Prosthetics for Injured Animals
Historically, artificial devices for wildlife have been expensive and very time-consuming to produce. 3D printing is changing that calculus by making it easier to design and build better-fitting prosthetics.
When caregivers at the Weltvogelpark Walsrode bird park in Germany returned to the aviary one morning, they were heartsick to discover that a secretary bird they called Söckchen, or “Little Sock,” had broken her leg inside her enclosure. They guessed that something must have scared her and made her jump, causing a severe break.
Secretary birds (Sagittarius serpentarius) need their legs. Found in Africa’s savannas, they are large, mostly terrestrial birds; their strong, sturdy legs are vital not only for walking but for capturing snakes and other prey. Often, they hunt by stomping the ground to flush out animals, then run them down and strike with their beak or feet to stun or kill them. In the wild, the loss of a leg would be a death sentence. And in captivity it was a severe debilitation. With her leg severed, Söckchen became depressed, was not eating well, and rarely walked about.
To help, the bird keepers came up with an idea: a prosthetic leg made using a 3D printer.
Three-dimensional printing has revolutionized the use of prosthetics to help injured animals. In the past, artificial devices fitted to wildlife were both extremely costly and time-consuming to produce. For instance, building a prosthetic tail flipper for a dolphin named Fuji in Japan in 2003 reportedly cost $100,000, and designing one for another dolphin, Winter, in Florida in 2007 required 18 months.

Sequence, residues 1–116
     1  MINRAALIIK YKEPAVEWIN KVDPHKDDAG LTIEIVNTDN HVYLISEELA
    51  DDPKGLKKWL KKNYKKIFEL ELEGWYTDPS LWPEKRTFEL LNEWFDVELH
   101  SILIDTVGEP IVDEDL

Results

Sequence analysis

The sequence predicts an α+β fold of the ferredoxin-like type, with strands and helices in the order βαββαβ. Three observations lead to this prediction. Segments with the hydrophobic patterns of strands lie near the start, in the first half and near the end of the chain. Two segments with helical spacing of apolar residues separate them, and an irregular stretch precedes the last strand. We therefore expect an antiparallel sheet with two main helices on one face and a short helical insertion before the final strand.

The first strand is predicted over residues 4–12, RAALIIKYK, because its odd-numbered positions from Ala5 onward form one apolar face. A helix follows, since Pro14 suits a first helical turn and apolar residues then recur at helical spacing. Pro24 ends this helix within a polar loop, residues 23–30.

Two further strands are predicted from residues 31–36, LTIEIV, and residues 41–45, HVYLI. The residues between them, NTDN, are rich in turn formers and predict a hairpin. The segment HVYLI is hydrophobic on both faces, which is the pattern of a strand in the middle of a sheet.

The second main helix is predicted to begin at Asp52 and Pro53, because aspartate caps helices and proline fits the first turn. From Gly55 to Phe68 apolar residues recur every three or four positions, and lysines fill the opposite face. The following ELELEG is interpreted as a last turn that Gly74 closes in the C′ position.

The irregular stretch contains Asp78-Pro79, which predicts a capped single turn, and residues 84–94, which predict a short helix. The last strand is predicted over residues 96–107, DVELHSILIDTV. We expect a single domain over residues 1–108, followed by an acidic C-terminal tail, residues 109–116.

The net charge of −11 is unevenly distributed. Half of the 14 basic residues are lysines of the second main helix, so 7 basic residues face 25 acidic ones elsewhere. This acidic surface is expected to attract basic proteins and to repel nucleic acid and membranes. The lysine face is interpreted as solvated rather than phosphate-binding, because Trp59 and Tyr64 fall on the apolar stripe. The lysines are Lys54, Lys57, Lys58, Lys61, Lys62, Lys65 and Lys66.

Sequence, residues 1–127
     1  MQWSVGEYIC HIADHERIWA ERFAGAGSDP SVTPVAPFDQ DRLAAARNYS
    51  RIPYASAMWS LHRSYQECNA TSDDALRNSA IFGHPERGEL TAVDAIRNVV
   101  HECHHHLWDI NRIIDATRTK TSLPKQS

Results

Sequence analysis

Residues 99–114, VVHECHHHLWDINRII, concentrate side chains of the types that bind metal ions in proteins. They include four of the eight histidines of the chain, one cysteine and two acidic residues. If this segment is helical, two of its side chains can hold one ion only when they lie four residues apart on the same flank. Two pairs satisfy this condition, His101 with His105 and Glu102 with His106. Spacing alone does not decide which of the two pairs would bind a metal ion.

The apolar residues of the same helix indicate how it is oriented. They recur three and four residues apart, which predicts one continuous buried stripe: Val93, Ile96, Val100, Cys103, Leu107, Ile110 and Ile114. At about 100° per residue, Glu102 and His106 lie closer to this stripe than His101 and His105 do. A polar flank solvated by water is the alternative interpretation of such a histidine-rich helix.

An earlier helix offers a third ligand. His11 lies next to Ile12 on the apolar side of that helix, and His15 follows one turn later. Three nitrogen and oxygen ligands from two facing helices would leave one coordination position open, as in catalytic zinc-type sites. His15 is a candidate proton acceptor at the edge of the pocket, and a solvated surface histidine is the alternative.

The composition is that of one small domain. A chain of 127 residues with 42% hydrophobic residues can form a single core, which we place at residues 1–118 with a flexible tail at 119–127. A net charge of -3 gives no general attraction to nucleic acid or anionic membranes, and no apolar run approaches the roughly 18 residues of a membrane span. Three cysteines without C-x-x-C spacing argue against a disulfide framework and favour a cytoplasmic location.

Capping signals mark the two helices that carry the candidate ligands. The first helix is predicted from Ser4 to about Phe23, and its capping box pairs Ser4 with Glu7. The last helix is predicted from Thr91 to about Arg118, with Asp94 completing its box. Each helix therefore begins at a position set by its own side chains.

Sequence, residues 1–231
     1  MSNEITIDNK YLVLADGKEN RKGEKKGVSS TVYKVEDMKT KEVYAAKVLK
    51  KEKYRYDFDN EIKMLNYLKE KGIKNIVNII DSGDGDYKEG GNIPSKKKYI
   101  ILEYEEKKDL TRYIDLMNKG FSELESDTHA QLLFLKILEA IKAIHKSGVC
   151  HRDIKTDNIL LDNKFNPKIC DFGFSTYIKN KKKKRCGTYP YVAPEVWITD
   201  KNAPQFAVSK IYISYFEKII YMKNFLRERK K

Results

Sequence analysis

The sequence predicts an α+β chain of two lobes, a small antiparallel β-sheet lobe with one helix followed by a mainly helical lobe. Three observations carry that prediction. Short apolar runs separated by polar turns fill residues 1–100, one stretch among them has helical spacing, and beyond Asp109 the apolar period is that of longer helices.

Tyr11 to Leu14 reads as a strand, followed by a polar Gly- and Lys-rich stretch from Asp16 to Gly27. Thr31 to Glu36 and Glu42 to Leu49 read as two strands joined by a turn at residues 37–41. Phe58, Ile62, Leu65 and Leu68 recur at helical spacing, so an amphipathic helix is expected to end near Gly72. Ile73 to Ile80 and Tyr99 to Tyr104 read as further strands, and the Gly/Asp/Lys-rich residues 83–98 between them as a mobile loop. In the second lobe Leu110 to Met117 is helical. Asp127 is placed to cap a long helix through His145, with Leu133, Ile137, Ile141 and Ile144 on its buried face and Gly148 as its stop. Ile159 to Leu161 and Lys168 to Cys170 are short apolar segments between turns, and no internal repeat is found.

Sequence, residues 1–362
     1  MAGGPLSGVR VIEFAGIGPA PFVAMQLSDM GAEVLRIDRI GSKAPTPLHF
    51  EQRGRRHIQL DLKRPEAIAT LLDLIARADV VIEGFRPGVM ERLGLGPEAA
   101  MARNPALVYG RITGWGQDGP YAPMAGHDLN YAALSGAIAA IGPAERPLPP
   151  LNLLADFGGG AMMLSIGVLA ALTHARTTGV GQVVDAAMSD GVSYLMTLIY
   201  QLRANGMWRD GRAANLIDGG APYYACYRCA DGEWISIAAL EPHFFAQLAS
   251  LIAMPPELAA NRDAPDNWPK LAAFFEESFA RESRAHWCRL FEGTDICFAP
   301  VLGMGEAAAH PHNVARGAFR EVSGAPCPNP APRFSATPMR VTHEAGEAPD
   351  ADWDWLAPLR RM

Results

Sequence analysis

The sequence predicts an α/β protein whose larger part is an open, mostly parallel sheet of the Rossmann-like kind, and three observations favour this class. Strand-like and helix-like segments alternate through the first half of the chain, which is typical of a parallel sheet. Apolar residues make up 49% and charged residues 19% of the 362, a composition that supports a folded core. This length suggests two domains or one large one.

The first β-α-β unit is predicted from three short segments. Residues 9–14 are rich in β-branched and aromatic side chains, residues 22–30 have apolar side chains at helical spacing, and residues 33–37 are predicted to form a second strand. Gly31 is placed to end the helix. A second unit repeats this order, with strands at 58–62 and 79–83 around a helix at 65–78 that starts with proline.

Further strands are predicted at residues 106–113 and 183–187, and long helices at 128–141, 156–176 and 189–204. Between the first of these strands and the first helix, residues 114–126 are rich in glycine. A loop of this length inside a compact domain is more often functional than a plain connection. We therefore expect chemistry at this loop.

By contrast, 3D printing can be less expensive and time-demanding. Because the design is done on a computer, customization and replication of even the small intricacies of a beak, tail or other animal part is made easier. Detailed customization not only helps the animal to use the artificial design as it would a natural body part, but also aids with comfort and acceptance.
To help Söckchen, the bird keepers at Weltvogelpark contacted Lars Thalmann, a mechanical engineer and volunteer with e-NABLE, an online global community of volunteers who use their skills with 3D printers to make free and low-cost prosthetic devices for people in need.
Thalmann recalls the moment when he first arrived to take measurements of Söckchen’s leg; some of the keepers cried with happiness because it meant she had a chance at a normal life.
“Söckchen is actually a very nice and kind bird,” Thalmann says. “If she likes you she tries to hobble up to you, even with the missing 80 mm [3 inches] of the one leg. As soon as she reaches you, she would sit beside your leg a bit exhausted and lean against you, as if she wanted to say, ‘Ohhh I finally made it, I missed you.’”
While the 3D technique still faces size and materials constraints, it is ideal for many applications — like Söckchen’s leg. Indeed, her example is just one in a growing number of success stories where animal rescuers tap into 3D printing to generate prosthetics, giving injured animals a new lease on life.
In June 2008, a bald eagle (Haliaeetus leucocephalus) named Beauty became the first known bird to receive a 3D-printed beak. But that experimental prosthetic was a long time in coming.
The adult eagle had been rescued several years earlier near a landfill in Dutch Harbor, Alaska. Despite bountiful available food, she was emaciated. Most of her upper beak was missing, likely shot off by poachers. Normally, eagles use their sharp curved beaks to rip chunks of flesh from prey. Anchorage raptor rehabilitators cared for her, at first feeding her a liquid diet through a tube, and later solid food with forceps. But her disability was severe. The bullet had entered the base of her nasal cavity, leaving her sinuses exposed.